Questionable Rumor Claims Siri iCloud Integration and Contextual Learning Coming in iOS 11
Siri is set to gain contextual learning abilities and deep integration with iMessage and iCloud in iOS 11, according to an unverified rumor shared by Israeli site The Verifier.
Citing information "received directly from the development teams based in Israel and the U.S.", the site says Siri's AI codebase will receive a major update that will enable it to learn a user's usage habits, similar to abilities claimed by Samsung for its new virtual assistant Bixby.
The upgrade is said to extend Siri's capabilities beyond its current limited command pool by stacking multiple queries and offering different actions depending on the context. For example, Siri's integration into iMessage means it will be able to offer suggestions relevant to the ongoing conversation, such as where to dine out, how to get there, and one-step Uber taxi booking.
In addition, the claim is that Siri's integration with iCloud will enable it to identify meaningful connections between the various devices associated with an Apple ID account and offer practicable actions that crisscross Mac and iOS systems.
Moreover, Apple will embed Siri deeper into the Apple TV and Apple Watch experience, with significant updates to tvOS and watchOS. Advanced Siri abilities are also said to extend to a "smart clock" feature, although no other details were given.
The Verifier does not have an established track record for accurate rumors, making it unclear how reliable the information is, while the iMessage features described above can already be found in published Apple patents. Previously the site said that group FaceTime calls will be introduced in iOS 11, but so far we've been unable to corroborate the claim.
Details of what's in store for iOS 11 have been scant in general, but it is expected to be released with new iPhones in the fall of 2017, while a preview of the new software could come at the Worldwide Developers Conference 2017 held in June.
Top Rated Comments
Apple's staunch stance on privacy means they'll be going the longer and more difficult route, which I maintain will be the better approach in the long term. This is because the core recognition will evolve to recognise any speech and any language without having to reference lots of other data already collected.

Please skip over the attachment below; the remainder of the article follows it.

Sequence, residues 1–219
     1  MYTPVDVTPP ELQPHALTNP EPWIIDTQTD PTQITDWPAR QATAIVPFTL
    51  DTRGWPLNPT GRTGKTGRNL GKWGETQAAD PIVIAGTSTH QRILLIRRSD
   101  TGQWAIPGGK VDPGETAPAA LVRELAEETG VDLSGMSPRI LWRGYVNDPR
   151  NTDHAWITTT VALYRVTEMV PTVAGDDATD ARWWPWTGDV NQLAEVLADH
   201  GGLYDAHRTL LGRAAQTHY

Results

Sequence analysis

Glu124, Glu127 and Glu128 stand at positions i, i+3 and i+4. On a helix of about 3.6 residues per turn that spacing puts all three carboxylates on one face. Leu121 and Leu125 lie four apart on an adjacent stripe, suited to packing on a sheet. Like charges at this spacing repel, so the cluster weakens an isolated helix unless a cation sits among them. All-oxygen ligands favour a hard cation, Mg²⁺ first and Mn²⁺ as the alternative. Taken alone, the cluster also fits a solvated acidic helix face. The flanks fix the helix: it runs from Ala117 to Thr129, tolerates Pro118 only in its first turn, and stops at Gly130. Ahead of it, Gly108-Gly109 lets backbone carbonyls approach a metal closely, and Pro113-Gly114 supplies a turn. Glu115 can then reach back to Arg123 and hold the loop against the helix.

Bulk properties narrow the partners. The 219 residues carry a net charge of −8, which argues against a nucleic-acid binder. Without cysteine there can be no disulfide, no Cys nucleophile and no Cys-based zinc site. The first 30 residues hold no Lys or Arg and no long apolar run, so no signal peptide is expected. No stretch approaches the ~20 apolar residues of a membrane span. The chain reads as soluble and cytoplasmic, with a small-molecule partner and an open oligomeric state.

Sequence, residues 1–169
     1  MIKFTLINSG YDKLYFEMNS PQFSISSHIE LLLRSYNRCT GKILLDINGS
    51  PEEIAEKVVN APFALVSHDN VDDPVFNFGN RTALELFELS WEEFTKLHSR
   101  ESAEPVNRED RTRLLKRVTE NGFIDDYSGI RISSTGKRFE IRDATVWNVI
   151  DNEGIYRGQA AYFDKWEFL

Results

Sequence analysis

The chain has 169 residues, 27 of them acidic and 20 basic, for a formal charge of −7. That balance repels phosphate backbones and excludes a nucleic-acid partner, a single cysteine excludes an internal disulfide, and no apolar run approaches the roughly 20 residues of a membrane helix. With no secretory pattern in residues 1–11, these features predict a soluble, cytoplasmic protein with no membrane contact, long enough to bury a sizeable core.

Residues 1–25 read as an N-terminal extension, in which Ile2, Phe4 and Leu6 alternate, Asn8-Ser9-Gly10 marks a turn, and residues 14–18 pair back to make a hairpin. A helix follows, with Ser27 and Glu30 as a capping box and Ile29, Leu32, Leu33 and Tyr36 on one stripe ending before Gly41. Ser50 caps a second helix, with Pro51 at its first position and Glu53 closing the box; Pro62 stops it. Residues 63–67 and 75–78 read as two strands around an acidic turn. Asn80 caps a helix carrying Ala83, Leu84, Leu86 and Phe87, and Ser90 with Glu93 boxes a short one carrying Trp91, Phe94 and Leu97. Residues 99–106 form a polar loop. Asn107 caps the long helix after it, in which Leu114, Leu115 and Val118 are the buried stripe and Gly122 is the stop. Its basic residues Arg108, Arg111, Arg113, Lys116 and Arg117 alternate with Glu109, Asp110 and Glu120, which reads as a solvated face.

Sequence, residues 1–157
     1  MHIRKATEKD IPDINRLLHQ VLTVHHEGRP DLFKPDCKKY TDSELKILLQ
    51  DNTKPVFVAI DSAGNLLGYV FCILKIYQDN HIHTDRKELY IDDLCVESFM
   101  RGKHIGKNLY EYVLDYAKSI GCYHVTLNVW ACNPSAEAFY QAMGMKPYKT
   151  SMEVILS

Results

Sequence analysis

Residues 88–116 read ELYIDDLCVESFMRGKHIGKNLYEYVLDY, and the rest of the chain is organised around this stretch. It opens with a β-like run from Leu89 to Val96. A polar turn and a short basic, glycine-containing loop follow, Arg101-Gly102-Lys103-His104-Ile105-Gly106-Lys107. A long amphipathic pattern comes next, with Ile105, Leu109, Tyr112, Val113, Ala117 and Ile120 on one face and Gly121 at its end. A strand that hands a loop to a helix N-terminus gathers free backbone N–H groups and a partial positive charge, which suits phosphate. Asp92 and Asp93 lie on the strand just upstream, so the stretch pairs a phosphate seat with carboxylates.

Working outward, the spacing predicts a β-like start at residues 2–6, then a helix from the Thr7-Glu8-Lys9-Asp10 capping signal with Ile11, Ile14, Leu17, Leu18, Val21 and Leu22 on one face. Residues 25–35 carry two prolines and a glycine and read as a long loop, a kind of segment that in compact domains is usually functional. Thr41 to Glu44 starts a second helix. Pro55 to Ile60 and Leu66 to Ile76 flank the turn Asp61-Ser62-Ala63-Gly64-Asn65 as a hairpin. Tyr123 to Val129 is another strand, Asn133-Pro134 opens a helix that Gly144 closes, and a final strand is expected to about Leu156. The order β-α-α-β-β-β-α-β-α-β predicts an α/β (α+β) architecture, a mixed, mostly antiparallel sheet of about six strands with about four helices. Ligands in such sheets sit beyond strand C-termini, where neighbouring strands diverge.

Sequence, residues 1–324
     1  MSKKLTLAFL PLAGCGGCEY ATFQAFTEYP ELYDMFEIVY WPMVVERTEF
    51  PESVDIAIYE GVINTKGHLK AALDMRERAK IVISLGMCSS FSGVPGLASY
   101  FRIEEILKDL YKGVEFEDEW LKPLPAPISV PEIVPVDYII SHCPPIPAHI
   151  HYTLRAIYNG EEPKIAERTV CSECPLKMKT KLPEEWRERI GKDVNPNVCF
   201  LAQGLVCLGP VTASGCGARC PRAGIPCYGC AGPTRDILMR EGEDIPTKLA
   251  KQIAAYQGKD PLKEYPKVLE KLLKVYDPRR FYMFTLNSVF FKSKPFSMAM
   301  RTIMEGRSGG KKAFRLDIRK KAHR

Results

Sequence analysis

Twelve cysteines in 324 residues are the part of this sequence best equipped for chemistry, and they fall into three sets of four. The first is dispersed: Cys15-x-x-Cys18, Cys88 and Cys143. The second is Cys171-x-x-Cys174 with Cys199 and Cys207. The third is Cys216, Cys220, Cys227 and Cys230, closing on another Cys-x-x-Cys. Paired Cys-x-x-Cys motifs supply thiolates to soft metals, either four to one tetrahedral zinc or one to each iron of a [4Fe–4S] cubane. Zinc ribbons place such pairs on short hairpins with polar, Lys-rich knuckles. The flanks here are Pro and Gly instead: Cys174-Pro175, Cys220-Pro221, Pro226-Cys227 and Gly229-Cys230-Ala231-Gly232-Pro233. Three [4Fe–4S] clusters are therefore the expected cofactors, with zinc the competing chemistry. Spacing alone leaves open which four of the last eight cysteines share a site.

Think Star Trek Next Gen/Voyager and see how crew or new visitors interact with the computer using speech; that's what I'm envisioning could still be possible with a commited AI team, whilst still maintaining an obsession for privacy. That's far from an impossible idea.
Yes, Siri does need a lot of improvement; nobody's denying that. But so do the others. With the leaps and bounds that technology makes every year, it's much too early to simply say that the only way forward in AI and speech/context recognition is data mining.
Apple's obsession with privacy will never allow their offering to be good as Google's; you need collectively analyze all human speech to actually develop something that will understand all dialects, intonations, and nuances of a spoken language.
Siri's not particularly smart. Neither is Google's solution, though; nor Amazon's, nor Microsoft's. None are anywhere close to what we've seen in science fiction. Until some serious advancements are made, I'll happily take a bit poorer recognition, iOS integration, and user privacy in the interim.
So yeah, I'll continue to wait. So will you, by the way. It's not like Google's current system rivals the Enterprise computer. :)